Which protocols is the company following in terms of its sustainable fishing practices?
Currently, FDO follows the Oman protocol, which is in line with the international protocol in terms of the Maximum Sustainable Yield (MSY). In commercial fishing, we have a specific quota set by the government for fishing small pelagics. The MSY that we are allowed to develop is around 200,000 tons per annum, which we adhere to. We have not reached such yields yet, though we are developing our fleet accordingly. In terms of fishing in international waters for tuna, we are working on developing the Omani quota. We have already started the construction of two vessels for tuna that are due for delivery and operation before 2024.
How will the MoU signed for the shrimp farming project in Al Jazer strengthen the joint investment between Saudi Arabia and the Sultanate?
This comes under the continuous collaboration between Oman and Saudi Arabia which pursues mutual opportunities between the two countries. There is great potential and synergies between the two countries to explore different investment opportunities. We believe that mutual investments between the two countries and the potential growth within Saudi Arabia and within Oman in the next few years will flare out lots of opportunities between us, and for FDO, and Naqua to conduct good business that will shine back positively on both economies. The MoU was for the exploration of opportunities in one of our key upcoming projects in Al Jazer; though, our ambitions do not stop at one project. We are pursuing other different investment opportunities in Oman and Saudi Arabia.
What strategies are you employing to expand globally, and how is this affecting Oman's trade balance?
Currently, Oman's key focus area in the next few years is to diversify its portfolio with high value fish suited for high value markets. This is reflected in the projects that FDO is currently planning, both in aquaculture and in fishing activities beyond the special economic zone. For instance, we are currently planning to initiate several aquaculture projects for different types of fish to target niche markets in Europe and East Asia. We believe that stabilizing the trade balance in Oman is not only done through the increase in quantity but rather through the value of the fish itself.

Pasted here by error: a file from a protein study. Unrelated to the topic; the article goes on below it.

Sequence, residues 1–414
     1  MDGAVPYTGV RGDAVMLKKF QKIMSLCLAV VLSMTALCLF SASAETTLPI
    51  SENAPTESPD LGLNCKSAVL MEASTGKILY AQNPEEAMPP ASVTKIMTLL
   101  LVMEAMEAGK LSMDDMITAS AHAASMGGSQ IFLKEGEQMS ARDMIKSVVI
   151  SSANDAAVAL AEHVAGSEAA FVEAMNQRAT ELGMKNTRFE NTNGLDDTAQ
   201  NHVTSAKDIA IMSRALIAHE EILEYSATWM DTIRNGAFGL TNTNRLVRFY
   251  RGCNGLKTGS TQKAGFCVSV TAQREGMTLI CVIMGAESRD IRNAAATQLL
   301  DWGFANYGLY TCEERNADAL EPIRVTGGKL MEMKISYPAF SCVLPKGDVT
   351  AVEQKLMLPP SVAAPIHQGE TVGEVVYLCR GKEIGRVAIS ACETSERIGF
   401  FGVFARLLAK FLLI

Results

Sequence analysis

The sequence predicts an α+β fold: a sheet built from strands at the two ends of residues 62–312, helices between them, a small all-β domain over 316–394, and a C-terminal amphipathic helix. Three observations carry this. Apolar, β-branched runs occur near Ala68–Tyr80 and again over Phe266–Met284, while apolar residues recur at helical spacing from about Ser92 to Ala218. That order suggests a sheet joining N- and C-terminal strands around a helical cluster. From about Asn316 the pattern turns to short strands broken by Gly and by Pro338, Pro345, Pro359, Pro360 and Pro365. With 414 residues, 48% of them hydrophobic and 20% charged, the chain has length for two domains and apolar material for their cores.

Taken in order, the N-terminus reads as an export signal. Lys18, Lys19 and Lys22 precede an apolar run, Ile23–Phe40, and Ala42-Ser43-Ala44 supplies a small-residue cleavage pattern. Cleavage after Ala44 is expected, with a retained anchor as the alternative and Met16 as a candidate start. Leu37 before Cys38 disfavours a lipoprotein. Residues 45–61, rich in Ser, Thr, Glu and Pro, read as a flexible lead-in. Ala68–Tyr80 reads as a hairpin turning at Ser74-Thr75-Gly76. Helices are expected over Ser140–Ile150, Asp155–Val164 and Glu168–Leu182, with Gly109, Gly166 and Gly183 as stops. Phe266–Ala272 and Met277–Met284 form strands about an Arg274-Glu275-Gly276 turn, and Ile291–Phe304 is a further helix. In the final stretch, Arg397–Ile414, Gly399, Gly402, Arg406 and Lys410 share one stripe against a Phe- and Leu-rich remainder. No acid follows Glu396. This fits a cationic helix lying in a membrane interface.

How is FDO aligning itself with Vision 2040?
Vision 2040 puts emphasis on fisheries as one of the key drivers to diversify the economy away from oil and gas. The vision makes it very clear by stating that the objective is to “create a profitable world-class sector that is ecologically sustainable and a net contributor to Oman's economy." Therefore, our interpretation of a world-class sector is one where its products can reach the global market with global standards. The current status quo does not yet support this ambitious objective, which puts a responsibility on FDO to change the current norms in terms of harvesting and post-harvest activities. We are working together with the Ministry of Agriculture, Fisheries, and Water Resources (MoAFWR) to upgrade the current fishing methods, as well as attract the latest technologies in aquaculture. Accordingly, we are initiating several projects that will have a significant impact in terms of not only the quantity of high value fish we produce but also the quality of the catch. Another challenge FDO is facing is the current public perception about commercial fishing, where some believe it directly competes with artisanal fishermen affecting their catch yield. However, this is not true; regulations stipulated by MAFWR strictly prohibits any fishing activities within the fishing areas of artisanal fishing, and FDO's main focus will continue to be diversifying the economy and bringing in value to the country without competing with the local fishermen. In fact, our mission is to partner with all stakeholders in the fisheries sector via projects that will result in a positive impact for them and the country overall.